For Your Inspiration: Sandra Pierce, aka The Bag Lady of Bay Street

If there’s one woman out there who does it all – this one has got to be it.

Some of you may know her as The Bag Lady of Bay Street, we witnessed her be referred to as the “Unofficial Mayor of Toronto,” but most consistently she is Sandra Pierce, woman-extraordinaire. We met her for lunch one August afternoon, and based on the fact that she showed up wielding a gorgeous black cane and sporting red enamel circle frames, our expectations were appropriately set quite high.

Sandra coined “Bag Lady Syndrome,” which is when a woman fears that she won’t have enough money saved for retirement, no matter how successful and financially responsible she is. And Sandra knows a thing or two about financial stability, seeing as how she is one of the top Investment Portfolio Managers in Toronto. We spoke about this, The Power of the Purse – a charitable evening that raises funds and awareness of the power of women and girls in the developing world – and fashion in a candid, no holds barred interview over lunch at the Hazelton in midtown Toronto. Ladies (and gents), take notes.

sandrapierce_2We asked Sandra, as the official Bag Lady of Bay Street, why she thinks successful women, even those who run their own businesses and are Birkin-Bag-successful, have anxieties about their financial stability. She basically summed it up as the unknown being f***ing scary. It’s difficult to answer those tough questions like, “will I have enough money to support the lifestyle I’ve earned?” And, “will I have enough money left over to retire?” “What even is, “enough”?” Sandra assured us that these are difficult questions to answer for anyone whose profession doesn’t require them to do so.

The answer?

“Don’t worry about the future – prepare for it. I always think a woman should be involved in the finances, and I’m not talking about the household budget because most women actually run the household finances. I’m talking about the investable assets. That while you make your money, you’re saving it to have a lifestyle that you’re going to enjoy. Money is just energy to provide you with something else, as opposed to a goal in itself. And I think women have to be involved with that and not be afraid to ask questions. I’ve never had a man say to me, ‘I’m not good at that.’”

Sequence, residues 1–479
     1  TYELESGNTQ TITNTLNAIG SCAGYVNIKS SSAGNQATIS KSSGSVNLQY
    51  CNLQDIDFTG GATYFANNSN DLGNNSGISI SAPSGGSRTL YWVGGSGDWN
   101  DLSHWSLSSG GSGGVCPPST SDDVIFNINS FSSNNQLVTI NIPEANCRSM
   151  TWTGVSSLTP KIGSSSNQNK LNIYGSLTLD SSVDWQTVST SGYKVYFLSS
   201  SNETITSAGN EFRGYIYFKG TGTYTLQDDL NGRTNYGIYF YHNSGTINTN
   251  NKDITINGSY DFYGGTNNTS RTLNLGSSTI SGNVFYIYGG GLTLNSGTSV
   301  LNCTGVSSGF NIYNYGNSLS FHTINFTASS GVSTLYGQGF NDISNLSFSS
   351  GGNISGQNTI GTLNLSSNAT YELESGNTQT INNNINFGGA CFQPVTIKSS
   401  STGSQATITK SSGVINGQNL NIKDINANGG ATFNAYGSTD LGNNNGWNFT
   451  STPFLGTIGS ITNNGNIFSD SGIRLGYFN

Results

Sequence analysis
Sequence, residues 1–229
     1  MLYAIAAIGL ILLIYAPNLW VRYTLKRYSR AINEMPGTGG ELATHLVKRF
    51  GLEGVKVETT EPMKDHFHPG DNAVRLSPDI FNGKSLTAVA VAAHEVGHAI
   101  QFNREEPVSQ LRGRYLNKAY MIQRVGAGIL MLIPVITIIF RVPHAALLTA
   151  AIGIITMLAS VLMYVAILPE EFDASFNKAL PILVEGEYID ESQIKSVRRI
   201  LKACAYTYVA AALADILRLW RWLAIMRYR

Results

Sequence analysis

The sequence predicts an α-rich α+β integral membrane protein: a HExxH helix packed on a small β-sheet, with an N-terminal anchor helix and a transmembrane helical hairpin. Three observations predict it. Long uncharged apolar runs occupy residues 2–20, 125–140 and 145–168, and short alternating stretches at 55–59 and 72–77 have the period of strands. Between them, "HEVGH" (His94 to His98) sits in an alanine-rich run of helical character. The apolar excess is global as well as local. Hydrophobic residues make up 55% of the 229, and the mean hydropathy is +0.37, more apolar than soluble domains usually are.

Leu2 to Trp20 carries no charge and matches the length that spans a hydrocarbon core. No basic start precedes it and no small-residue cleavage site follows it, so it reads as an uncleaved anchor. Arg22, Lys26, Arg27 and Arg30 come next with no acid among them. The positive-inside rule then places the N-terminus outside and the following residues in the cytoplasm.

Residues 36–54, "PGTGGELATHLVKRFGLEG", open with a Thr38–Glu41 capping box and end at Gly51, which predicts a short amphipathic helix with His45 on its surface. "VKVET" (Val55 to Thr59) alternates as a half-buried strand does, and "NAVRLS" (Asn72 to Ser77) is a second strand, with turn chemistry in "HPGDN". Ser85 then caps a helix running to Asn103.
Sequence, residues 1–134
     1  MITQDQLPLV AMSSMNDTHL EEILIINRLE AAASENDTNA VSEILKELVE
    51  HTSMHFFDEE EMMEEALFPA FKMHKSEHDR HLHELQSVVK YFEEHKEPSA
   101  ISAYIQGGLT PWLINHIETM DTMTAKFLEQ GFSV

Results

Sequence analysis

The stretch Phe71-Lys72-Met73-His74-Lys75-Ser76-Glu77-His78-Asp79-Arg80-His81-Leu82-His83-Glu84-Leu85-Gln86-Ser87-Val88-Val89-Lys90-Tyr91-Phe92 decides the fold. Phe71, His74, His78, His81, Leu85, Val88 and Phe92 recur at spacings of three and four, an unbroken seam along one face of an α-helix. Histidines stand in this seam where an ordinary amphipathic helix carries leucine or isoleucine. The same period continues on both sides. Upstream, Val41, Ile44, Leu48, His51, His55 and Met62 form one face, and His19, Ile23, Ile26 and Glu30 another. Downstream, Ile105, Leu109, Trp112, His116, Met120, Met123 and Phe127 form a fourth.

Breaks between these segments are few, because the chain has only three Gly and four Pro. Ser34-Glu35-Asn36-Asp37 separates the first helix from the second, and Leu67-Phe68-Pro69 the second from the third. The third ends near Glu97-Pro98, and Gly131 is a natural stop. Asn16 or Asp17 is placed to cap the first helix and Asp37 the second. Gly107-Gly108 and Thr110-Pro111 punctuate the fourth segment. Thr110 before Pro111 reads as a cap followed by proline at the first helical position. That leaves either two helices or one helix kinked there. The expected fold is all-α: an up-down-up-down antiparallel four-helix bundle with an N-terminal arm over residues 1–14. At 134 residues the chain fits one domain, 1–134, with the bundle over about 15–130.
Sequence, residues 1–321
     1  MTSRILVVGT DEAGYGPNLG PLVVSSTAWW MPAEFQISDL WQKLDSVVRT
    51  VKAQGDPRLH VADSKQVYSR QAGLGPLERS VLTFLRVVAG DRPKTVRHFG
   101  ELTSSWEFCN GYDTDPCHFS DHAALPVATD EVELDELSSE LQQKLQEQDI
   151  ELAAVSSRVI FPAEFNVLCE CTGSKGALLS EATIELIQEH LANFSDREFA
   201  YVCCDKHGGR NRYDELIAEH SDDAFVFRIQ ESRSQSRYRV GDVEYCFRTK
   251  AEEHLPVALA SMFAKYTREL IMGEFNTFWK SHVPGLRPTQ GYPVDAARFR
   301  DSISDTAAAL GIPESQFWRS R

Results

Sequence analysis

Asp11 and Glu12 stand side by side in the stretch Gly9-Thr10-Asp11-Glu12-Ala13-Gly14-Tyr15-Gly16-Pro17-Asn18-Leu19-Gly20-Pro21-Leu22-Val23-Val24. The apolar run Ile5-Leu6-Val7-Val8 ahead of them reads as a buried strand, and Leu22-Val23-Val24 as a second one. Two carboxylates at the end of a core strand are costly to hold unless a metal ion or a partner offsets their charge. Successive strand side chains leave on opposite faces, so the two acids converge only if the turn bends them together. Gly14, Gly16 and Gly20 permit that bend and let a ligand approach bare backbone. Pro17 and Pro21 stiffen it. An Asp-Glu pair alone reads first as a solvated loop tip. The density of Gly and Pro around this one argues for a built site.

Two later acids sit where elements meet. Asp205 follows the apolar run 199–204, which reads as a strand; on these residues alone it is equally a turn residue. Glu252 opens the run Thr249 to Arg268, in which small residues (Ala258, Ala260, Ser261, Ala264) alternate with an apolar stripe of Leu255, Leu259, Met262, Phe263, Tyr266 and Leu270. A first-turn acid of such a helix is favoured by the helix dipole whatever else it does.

We couldn’t help but ask Sandra how she would choose to enjoy her success, which for us obviously translates to, what is your dream purse. “A red Birkin. I love the history of it, the masterpiece of it, the craftsmanship. But I hope my husband doesn’t read this because he would say, if you didn’t buy those other 40 bags, you could have one!”

It is therefore only fitting that the pride and joy of Sandra Pierce is The Power of the Purse, a spectacular event dedicated to and full of influential women that she built from the ground up. She admit to us that she doubted her ability to create an event like this, but unsurprisingly to us, she’s pulled it off seamlessly for seven years, raising over $900,000 (!) for Plan Canada’s Because I am a Girl global initiative. We asked her why “The Purse” and she put it so plainly, so matter-of-fact: “Women have more power in their purse than ever before to make a difference. That’s truly what it is.”

Two hours later, we’re officially obsessed and nearing the end of our time with Sandra, and just had to ask her about her style, go-tos for a desert island, and the lessons she’s learned. See Q&A below.

H: What are three wardrobe essentials every working woman should have?

S: A good watch, a great pair of shoes, and one outfit that makes you feel like a queen.

H: What are the three designers you have the most of in your closet?

S: Nicholas Kirkwood for shoes, Chanel for bags, and Balmain for clothes.

H: You’re stranded on a desert island – what five things would you want with you?

S: A big juicy book, rosé champagne, a pillow, an Hermès blanket, and Ryan Gosling.” (We had to stop ourselves from applauding.)

H: If you could do-over one thing, what would it be?

S: I don’t really believe in regrets, but I would worry less. I spent a lot of time and energy as a young woman worrying, and it actually does all work out.

H: What would you say to your 20-year-old self?

S: Wash that man right out of your hair. And don’t let them define you – find your own definition.

H: And lastly, who is your icon?

S: Iris Apfel. One, I love her I-don’t-give-a-shit attitude. I love her style, I love that at 96 she takes time and effort to pull herself together every day. And she doesn’t edit herself, either. I’ve been in front of her when she’s spoken in a small group and she just tells it like it is. I love the fact that she is truly herself.

Needless to say, here at Handled we are confident in who our icon is. And it ain’t Iris.